Helen here with some top tips for mono-printing on fabric with the Gelli Arts® printing plate. I’m using the 5×5″ plate, but you could use any
size. I have a few simple texture tools including a Gelli Art® comb, a
pool cover scrap, an Ikea pot holder and some cotton tips.
Many times, I have found printing on fabric doesn’t give me quite the same crisp and
vibrant results as I get from printing on paper. I’ve been experimenting for
weeks to bring you this video of my top tips for getting great prints of fabric
just as nice as those on paper!
First, make sure you iron your fabric. Sound obvious, right? Trying to save time by
not ironing just give you a print crisscrossed with white lines where the paint
didn’t pick up.
matters! You can print onto any type of fabric but each type will give a
different look. To get prints as crisp as those on paper you need to use a
fabric with a high thread count, and smooth texture. I have been getting the
best results with satin.
little more paint. Fabrics tend to soak up more paint than paper. Be careful
not to use too much though or your print will be blobby and blurred.
have tiny holes in their structure. Avoid messy hands by putting some scrap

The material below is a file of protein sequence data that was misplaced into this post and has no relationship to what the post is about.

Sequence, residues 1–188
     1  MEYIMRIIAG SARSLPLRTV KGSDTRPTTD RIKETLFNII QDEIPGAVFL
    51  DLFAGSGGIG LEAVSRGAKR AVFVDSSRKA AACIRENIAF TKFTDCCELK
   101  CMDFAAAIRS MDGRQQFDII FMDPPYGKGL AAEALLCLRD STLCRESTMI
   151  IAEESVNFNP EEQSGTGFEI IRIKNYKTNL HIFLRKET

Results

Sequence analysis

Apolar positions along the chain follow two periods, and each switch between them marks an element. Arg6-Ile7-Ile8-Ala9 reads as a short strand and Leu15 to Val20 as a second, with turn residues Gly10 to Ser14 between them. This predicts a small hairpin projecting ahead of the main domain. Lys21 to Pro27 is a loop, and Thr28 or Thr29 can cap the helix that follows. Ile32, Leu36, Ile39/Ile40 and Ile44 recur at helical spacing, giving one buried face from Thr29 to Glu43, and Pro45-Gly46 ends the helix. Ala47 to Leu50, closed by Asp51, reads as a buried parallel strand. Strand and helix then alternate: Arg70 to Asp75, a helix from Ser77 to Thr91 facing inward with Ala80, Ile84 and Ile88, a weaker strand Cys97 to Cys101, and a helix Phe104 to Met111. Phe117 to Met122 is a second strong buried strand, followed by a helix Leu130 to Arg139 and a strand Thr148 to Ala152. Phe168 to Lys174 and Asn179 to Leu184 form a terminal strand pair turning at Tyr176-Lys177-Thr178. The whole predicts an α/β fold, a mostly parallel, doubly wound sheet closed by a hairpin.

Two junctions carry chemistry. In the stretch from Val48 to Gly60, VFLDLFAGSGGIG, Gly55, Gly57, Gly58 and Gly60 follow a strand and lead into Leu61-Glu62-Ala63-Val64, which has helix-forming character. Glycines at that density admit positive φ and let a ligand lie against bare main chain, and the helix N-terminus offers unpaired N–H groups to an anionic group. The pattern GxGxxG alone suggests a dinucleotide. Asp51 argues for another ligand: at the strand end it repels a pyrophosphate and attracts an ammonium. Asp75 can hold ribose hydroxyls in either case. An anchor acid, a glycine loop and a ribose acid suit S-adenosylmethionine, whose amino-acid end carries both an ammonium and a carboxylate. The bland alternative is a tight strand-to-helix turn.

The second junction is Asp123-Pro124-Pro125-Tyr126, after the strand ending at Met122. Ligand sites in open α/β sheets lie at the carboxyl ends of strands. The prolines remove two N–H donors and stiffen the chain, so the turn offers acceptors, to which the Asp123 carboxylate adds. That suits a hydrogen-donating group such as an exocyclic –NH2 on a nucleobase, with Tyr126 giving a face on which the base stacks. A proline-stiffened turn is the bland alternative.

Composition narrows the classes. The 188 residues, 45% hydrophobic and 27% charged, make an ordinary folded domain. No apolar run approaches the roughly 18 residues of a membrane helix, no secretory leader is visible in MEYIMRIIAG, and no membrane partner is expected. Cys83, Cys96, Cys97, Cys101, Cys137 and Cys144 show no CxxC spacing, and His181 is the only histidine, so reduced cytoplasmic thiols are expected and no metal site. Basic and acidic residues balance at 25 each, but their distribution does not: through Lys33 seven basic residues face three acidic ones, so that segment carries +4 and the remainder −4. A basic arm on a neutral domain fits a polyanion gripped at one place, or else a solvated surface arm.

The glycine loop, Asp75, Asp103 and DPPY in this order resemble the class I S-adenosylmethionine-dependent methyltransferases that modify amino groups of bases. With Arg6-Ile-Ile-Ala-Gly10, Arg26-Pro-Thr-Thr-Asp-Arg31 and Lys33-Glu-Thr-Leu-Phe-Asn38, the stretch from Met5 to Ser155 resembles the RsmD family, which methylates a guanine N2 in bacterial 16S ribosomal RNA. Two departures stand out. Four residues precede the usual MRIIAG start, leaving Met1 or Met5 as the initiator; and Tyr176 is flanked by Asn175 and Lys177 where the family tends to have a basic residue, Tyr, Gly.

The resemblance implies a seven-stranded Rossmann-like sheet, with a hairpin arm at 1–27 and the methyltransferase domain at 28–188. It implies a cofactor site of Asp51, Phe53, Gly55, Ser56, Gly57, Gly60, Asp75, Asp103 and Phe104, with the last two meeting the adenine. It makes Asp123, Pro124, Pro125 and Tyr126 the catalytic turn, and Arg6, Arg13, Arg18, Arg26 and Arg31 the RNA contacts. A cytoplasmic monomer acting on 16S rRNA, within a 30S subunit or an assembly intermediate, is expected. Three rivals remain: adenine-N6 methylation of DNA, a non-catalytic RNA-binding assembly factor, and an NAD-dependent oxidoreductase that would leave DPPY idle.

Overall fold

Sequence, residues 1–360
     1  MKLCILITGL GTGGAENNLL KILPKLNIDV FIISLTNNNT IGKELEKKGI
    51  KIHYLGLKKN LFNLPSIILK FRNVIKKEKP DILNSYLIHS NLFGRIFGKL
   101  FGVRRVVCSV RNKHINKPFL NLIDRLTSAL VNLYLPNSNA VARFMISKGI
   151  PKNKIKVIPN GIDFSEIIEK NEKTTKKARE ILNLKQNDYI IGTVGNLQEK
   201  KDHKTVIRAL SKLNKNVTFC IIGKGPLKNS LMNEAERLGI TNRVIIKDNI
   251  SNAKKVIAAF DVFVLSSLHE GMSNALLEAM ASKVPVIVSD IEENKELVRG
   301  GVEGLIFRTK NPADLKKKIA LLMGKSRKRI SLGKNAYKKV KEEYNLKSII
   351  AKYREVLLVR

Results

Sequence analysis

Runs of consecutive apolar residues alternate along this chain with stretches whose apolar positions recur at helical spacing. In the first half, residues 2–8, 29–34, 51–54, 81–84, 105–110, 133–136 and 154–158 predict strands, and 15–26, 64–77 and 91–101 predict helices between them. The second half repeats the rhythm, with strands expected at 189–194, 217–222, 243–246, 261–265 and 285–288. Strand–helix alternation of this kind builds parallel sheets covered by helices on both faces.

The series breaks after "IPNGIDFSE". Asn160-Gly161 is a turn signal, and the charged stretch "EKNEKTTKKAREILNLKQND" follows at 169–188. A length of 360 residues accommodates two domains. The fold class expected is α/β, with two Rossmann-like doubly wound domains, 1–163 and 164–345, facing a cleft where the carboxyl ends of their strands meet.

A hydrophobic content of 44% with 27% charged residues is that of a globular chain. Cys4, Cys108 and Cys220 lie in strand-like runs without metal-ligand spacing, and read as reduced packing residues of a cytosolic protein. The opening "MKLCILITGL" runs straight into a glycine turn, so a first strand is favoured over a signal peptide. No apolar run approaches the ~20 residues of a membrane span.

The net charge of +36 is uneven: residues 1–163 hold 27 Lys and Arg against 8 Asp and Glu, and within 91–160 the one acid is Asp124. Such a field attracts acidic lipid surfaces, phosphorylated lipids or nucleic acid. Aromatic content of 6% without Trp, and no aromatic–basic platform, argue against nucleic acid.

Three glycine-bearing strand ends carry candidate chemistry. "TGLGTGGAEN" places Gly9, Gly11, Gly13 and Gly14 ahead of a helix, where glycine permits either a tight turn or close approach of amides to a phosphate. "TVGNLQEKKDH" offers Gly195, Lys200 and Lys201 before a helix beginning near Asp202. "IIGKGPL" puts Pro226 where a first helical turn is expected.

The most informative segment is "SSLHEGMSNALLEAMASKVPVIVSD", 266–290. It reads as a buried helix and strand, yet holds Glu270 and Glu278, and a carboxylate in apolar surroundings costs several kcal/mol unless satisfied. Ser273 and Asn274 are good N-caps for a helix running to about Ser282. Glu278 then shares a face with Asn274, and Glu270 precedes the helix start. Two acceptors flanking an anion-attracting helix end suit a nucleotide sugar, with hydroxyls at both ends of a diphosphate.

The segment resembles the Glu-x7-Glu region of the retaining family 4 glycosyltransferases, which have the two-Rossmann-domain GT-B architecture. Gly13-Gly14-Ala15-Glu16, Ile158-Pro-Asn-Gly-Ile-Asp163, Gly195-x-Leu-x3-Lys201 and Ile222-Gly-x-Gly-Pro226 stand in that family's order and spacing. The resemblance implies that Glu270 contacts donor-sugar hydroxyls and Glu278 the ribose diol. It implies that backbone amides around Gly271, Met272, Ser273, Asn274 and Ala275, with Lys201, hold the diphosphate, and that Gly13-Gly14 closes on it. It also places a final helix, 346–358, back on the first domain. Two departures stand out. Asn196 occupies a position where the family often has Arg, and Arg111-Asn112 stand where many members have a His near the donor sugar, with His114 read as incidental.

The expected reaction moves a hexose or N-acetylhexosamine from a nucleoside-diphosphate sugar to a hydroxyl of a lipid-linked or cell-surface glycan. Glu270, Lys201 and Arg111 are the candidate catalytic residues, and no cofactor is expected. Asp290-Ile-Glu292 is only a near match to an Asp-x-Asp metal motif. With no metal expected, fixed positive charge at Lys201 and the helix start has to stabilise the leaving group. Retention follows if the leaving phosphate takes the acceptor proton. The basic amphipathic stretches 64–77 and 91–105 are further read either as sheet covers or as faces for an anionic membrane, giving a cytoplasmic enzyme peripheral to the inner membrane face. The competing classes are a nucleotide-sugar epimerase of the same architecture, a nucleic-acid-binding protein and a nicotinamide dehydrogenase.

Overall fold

paper over the top of your fabric before rubbing the back.
fabric will be washed, add some textile medium to your acrylic paint. Don’t add
too much or your paint will get too runny.
paper is your friend. To stop fabric squirming and scrunching up, iron your fabric to the shiny side of some freezer paper. This will stabilize the fabric
and allow you to make accurate prints. If you tape one edge of the freezer
paper down you can flip the fabric into the exact same position for a
multi-layered print. The freezer paper will also stop your hands from getting messy. You should be able to use the same piece of freezer paper
Thanks for stopping by! Please share your gel prints with us on Instagram using #gelliarts and @gelliarts – we love seeing your creations!
paint in process colours plus white